Former Gawker editor-in-chief Gabriel Snyder has been tapped to run The Atlantic Wire and build up a news aggregation staff in New York, as the 154-year-old magazine continues to carve out a home on the web.
“There’s been no doubt that the Atlantic has been very nimbly handling the delicate maneuver of bringing a 150-year-old plus brand into the digital world,” Mr. Snyder told The Observer. The Atlantic will announce the hire later today.
He’ll head up only The Atlantic Wire, the company’s aggregation site — not theatlantic.com, home to Andrew Sullivan, Megan McArdle, James Fallows, and up-and-comers Alexis Madrigal and Alan Taylor.
Mr. Snyder, a former writer at Variety, W and The Observer, moved to New York to work as editor-in-chief of Gawker in 2008, replacing Nick Denton after one of the site owner’s editing stints. After traffic doubled, Mr. Denton abruptly fired him in February 2010. Newsweek hired Mr. Snyder to run its web site later that year, but with the magazine up for sale, he lasted only five months on the job.
At The Atlantic Wire, which has focused on aggregating the world of op-eds and talking heads since launching in July 2009, Mr. Snyder will add news aggregation to further give what was once a stodgy monthly a prominent say on the headlines of the hour. Though the magazine and theatlantic.com are based in Washington, Mr. Snyder will work from New York and expects to hire 15 young aggregators to work from here. The site will relaunch in March. Part of the idea, he told The Observer, is to bring more of a New York tone to an outfit that for the first century and a half of its life was Boston Brahmin, then veered towards the Beltway.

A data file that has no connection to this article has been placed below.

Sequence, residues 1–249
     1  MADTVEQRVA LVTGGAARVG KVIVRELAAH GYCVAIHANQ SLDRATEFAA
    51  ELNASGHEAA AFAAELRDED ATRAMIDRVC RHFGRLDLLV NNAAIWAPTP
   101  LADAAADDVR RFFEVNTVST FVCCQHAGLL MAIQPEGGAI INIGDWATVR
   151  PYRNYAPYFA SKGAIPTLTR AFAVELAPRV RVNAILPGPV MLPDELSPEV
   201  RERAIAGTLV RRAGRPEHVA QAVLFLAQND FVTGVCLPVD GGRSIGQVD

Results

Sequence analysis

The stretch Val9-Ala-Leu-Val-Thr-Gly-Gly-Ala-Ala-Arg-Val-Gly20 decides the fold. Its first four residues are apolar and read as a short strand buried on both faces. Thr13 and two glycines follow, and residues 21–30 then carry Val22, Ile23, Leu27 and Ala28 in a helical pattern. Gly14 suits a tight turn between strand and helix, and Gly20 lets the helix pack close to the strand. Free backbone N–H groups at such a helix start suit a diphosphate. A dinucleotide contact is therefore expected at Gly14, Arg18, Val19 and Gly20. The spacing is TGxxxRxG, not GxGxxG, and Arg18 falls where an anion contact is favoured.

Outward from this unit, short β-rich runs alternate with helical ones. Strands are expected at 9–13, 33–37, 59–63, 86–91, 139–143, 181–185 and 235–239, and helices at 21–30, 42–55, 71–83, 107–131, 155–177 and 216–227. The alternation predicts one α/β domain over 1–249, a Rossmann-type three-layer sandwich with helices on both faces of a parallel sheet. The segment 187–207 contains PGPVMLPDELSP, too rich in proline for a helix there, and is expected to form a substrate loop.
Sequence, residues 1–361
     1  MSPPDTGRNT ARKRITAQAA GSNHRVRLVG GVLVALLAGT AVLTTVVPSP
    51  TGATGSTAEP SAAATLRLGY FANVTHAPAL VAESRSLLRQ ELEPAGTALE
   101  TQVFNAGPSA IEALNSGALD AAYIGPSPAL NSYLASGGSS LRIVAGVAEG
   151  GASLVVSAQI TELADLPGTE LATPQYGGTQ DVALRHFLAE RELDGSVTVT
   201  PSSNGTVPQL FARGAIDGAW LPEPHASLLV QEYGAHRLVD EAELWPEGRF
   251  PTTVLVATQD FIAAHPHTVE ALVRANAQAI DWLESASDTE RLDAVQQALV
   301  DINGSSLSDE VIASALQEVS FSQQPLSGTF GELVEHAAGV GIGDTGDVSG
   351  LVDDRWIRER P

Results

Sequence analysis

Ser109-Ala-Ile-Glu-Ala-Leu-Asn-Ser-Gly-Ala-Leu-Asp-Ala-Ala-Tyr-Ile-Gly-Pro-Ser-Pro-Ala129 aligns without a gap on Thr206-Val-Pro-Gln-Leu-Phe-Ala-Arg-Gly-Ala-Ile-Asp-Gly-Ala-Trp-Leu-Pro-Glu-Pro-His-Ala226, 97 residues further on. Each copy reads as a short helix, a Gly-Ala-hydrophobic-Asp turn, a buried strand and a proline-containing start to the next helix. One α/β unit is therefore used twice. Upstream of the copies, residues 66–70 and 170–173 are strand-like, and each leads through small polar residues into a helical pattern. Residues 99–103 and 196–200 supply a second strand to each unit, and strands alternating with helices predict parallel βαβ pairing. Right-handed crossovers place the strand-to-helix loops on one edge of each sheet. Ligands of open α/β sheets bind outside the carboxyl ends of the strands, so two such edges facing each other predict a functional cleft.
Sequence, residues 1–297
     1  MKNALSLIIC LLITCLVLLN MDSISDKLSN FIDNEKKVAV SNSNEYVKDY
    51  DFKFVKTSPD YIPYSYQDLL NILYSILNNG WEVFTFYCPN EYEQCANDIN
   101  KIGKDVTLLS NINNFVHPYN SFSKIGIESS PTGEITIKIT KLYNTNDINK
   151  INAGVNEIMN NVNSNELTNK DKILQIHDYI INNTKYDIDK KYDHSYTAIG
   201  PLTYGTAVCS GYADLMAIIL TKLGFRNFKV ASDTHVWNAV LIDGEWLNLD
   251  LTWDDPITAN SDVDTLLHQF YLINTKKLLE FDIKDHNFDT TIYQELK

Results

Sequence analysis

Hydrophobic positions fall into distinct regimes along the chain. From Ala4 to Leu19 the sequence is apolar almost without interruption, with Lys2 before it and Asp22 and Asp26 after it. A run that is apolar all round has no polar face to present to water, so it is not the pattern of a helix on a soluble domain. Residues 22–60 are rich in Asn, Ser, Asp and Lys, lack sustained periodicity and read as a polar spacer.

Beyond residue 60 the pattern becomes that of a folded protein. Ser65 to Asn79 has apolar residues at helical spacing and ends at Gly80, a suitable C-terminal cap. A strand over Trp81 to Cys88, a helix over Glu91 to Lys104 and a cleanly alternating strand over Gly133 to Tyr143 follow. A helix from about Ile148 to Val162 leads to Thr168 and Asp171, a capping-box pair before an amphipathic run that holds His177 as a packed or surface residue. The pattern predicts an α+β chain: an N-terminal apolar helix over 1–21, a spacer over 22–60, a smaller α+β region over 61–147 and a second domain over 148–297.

“For the same reason that a lot of places based in New York want a DC bureau, because they want people steeped in the culture of DC, I think this will bring [to DC] people who are more attuned to what’s going on in New York,” Mr. Snyder said.
Can the high-minded brand fit in here? Last week, the Atlantic hosted a State of the Union viewing party at Le Cirque. The Observer, expecting to find the wonky likes of Bob Shrum, instead plopped down next to Gayle King, Mark Ecko, Peggy Siegal, and the somewhat perplexed star of Law & Order: SVU.
The Atlantic’s owner, David Bradley, is enjoying a run of good press. The magazine finally turned a $1.9 million profit in 2010, in part by embracing digital platforms that other titles regarded in horror. The company will announce tomorrow that its web properties drew more than 5 million unique visitors in January, a new high.
“It’s amazing how what was perceived as a kind of dowdy old brand is growing really quickly and expanding its audiences,” Justin Smith, the Atlantic‘s president, told The Observer.
Mr. Snyder replaces Ben Carlson, who left to join Rupert Murdoch’s iPad-only news project, The Daily, which is set to launch this week.
The plan is to have Mr. Snyder’s new hires work out of the Madison Avenue office where the Atlantic‘s sales staff lives, he said. Nine Atlantic Wire staffers now work from Washington. Fifteen more is a big number — and another sign that while entry-level gigs in journalism are still hard to come by, where they are to be found, they’re mostly in aggregation.
“Yeah, I think that coming in and doing curation and aggregation in many ways is the new ‘go out to a small paper and earn your stripes covering the school board,’” Bob Cohn, the editorial director of Atlantic Digital, told The Observer. Further up the career arc, in recent months he has snagged Alan Taylor and his beloved The Big Picture Blog from the Boston Globe, as well as Garance Franke-Ruta, who ran the WhoRunsGuv site for The Washington Post.
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